“I left that church because they just didn’t care about me or my family.”
Haven’t you heard someone say that of their church or Bible study group, or have you seen something like this in social media? Sometimes a church accidentally drops the ball and misses an opportunity to minister to a person or a family. No one sets out to ignore the needs of others, but it happens occasionally. At other times a well-meaning group leader might suggest that we “drop” people from a list of Bible study participants “because we haven’t seen them in a long time.” To bolster a group’s percentage of attendance, a group leader might lobby to delete the name of a person or a couple simply because they have been absent for an extended time (this has been asked of me numerous times over the years!). This isn’t the time to drop a person – it’s the time to pull them back into the life of the group. It’s an opportunity to care for people more deeply!
Now that we are in our sixth month of COVID-19 distancing, it is a good time to make plans for reclaiming group members who have been absent over the summer. We will also want to make sure that regular attenders are also cared for. The needs of these two very different kinds of people can be met through a time-honored way of organizing groups into smaller sub-groups. For decades we have referred to these groups as “care groups.” As Sunday School groups begin to return to the church campus, we have an opportunity to hit a “reset” button and begin doing some things we should have all along. Instituting care groups in every adult Bible study group is one of those things we should do, thanking the Lord for the chance to use care groups to care for people while COVID-19 continues to make things difficult for groups.
What is a Care Group?
A care group is a smaller “group within a group.” Normally a care group is composed of six to eight group members. Single-gender care groups have advantages over co-ed groups, in my experience. I’d recommend that care groups are organized into men-only and women-only groups.
What Does a Care Group Leader Do?
In its most basic form, the care-group leader’s responsibility is very simple: contact every member in the care group every week. Some care-group leaders can take it a step further by adding prospective members to their weekly contact list. Some class situations call for the care-group leader to perform additional duties. In an arrangement where the last 10 to 15 minutes of the class time are set aside for sharing and praying in care groups, the group leader will lead this time with his or her group.
In large classes that employ a master-teacher/small-group approach that intersperses short lectures from the teacher with brief periods of discussion in small groups, care groups can sit together in semicircles with the care-group leader facilitating the discussion, typically utilizing questions provided before the class session. Occasionally, a care-group leader will step it up a notch on his or her own, initiating a caring response to a group member’s need or planning a ministry or mission activity just for the care group. When you lay out a picture like this for potential group leaders, you’ll be amazed how many God will lead to say yes.
How Might Your Church Begin a Care Group Ministry?
Don’t let COVID-19 keep you from taking this time to reinvent your Sunday School’s Bible teaching ministry. As groups return to the church campus (many groups are doing that now), or as your church sets a target date for later this year for the return of on-campus Sunday School groups, here are some key steps in implementing a care group ministry:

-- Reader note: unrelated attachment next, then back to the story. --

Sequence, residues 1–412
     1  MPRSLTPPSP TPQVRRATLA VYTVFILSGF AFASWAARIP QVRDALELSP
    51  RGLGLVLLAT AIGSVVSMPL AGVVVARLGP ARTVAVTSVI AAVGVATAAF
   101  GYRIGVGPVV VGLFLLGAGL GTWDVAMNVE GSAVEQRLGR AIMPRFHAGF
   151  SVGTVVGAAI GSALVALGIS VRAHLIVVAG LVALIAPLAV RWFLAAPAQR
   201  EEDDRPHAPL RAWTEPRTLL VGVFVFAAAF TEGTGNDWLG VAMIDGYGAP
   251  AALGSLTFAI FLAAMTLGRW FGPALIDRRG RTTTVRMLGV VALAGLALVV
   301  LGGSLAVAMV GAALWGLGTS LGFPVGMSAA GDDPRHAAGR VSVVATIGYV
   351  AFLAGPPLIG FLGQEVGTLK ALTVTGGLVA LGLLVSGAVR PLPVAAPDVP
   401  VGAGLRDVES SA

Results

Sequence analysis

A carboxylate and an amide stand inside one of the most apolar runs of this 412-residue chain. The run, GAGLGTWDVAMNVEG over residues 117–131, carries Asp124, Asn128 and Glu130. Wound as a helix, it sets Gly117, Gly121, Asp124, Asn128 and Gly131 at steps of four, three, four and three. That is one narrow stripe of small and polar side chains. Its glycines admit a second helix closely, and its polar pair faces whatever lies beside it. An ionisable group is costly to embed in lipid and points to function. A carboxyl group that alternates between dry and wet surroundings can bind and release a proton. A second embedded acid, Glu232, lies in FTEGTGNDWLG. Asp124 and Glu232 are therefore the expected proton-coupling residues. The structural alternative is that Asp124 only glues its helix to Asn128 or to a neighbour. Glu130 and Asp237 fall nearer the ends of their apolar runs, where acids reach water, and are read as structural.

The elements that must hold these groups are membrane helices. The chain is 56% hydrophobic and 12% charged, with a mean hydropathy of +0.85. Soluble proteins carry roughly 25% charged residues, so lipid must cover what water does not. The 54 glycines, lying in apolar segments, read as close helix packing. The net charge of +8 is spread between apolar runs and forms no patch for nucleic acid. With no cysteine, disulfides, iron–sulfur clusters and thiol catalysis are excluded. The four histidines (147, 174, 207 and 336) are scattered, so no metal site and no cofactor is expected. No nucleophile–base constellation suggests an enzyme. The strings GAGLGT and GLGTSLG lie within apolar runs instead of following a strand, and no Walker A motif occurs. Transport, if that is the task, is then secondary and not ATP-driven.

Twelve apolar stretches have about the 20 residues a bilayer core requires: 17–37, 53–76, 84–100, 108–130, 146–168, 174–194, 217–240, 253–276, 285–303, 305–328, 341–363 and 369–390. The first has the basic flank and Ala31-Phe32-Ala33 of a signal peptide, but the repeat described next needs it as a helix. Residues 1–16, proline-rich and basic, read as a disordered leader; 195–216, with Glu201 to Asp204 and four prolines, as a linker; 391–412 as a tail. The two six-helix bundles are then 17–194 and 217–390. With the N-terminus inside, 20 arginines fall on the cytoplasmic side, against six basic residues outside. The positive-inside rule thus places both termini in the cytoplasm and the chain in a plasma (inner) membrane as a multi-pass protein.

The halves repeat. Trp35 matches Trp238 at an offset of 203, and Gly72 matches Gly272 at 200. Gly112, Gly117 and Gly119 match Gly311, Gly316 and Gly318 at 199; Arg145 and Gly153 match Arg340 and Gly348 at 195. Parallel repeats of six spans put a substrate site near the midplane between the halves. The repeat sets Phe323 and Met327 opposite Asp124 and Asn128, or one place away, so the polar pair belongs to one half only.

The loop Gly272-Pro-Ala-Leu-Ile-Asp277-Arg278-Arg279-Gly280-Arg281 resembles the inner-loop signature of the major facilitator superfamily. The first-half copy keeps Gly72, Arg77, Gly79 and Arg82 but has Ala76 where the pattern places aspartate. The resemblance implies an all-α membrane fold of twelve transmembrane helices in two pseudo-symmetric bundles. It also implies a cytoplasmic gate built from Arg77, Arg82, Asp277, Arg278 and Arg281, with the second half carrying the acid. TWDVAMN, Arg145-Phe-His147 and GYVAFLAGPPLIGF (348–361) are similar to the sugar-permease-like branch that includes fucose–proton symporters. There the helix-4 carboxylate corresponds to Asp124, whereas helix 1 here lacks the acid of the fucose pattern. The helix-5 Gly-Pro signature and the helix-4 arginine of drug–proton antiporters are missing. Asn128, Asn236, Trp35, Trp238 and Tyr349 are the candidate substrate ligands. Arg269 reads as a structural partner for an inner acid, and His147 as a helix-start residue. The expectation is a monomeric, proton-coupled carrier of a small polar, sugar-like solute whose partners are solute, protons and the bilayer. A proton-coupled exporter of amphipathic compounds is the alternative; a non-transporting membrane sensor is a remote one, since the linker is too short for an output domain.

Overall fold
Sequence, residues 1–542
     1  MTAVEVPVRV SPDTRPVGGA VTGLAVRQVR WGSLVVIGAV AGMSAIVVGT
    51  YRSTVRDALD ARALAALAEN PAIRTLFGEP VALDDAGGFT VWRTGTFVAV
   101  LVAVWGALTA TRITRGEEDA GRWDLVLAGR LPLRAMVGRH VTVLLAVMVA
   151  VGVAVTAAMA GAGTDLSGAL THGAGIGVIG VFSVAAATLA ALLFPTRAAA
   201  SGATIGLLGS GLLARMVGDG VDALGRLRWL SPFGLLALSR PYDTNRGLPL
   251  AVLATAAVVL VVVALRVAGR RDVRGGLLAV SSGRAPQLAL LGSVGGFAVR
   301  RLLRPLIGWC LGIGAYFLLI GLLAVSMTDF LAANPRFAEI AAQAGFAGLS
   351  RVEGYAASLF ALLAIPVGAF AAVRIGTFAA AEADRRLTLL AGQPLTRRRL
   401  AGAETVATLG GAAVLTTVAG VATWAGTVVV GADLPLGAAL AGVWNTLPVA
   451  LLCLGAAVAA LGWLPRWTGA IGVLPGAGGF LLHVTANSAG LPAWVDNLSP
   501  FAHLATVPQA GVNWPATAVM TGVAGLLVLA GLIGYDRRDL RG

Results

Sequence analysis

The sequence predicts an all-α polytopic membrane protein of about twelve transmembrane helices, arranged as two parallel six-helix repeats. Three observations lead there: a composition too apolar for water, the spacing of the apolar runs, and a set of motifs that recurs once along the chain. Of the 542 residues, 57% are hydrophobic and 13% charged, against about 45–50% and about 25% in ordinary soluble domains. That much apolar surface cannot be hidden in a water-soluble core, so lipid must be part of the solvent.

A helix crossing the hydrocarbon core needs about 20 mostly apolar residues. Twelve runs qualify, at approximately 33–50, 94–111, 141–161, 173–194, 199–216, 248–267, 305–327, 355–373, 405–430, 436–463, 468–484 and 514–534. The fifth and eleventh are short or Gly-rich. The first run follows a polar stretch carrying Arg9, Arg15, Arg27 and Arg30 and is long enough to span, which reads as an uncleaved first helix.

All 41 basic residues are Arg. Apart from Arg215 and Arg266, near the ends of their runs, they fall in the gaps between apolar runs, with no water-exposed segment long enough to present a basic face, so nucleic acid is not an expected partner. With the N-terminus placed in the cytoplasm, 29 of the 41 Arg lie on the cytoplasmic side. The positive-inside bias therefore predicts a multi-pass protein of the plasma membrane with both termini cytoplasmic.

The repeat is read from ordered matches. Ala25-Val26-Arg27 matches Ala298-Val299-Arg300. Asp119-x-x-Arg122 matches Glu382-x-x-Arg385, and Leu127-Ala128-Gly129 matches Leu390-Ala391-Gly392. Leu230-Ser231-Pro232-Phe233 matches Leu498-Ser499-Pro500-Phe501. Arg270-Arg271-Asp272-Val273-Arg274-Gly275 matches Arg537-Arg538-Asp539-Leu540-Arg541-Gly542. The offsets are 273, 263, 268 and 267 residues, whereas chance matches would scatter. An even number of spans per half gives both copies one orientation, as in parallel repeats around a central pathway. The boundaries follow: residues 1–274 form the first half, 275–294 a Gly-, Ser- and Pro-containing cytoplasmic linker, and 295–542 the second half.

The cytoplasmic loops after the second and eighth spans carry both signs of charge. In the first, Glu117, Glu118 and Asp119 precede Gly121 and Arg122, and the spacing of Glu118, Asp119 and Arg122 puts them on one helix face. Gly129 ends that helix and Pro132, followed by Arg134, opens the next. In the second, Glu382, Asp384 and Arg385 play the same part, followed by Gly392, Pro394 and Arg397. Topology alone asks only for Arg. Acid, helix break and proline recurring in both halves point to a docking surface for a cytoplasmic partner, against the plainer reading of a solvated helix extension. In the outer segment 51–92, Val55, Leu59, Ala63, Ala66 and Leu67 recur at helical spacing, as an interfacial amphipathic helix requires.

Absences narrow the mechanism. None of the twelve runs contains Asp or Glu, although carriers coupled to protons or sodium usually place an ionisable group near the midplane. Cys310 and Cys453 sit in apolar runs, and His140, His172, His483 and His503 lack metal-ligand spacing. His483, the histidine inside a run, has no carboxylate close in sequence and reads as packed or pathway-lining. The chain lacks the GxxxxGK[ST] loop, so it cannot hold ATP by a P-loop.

1. Explain the concept to your current group leaders. Using information from this article, help group leaders become familiar with the concept of care groups.
2. Seek buy-in by focusing on the benefits of a care group ministry. Care groups reduce the number of people in our churches who “slip through the cracks” and disappear. By ministering to adult members of care groups, we keep entire families engaged in the church.
3. Provide every group leader with a copy of the group’s ministry list. This is the list of all the members of a group – their names, addresses, contact information, and things like birthdays and anniversary dates.
4. Divide each group’s members into care groups of 6 to 8 people. Before you do this, see number 5 below!
5. Balance every care group with people who attend regularly, occasionally, and infrequently. As you create care groups, be sure to balance them! No one wants to be the care group leader who has all of the people who don’t attend regularly. Balance this so that each care group has a mix of people who attend often, sometimes, and seldom.
6. Ask group leaders to pray about inviting the right care group leaders to shepherd one of the new groups. Once a group leader has divided his or her group into smaller sub-groups, care group leaders must be recruited. Who is a good candidate for this work? People who are compassionate, dependable, and detail oriented. These may be some of the quieter people in your group!
7. Set a target date for care group leaders to contact the people assigned to their care group. Once recruited, hold your new care group leaders to a high standard and “put them on the clock.”
8. Determine how your church’s Sunday School classes will utilize care group leaders. Some care group leaders will do their work behind the scenes and outside of the class meeting. Other churches and Sunday Schools incorporate a 10-15 minute time during the Sunday School hour for care group leaders to meet with their group members at the end of the class time. On occasion, a teacher might ask care group leaders to meet with their people during the Bible study time, serving as group facilitators who ask their six to eight members to respond to a question or activity being driven by the teacher’s Bible study plan.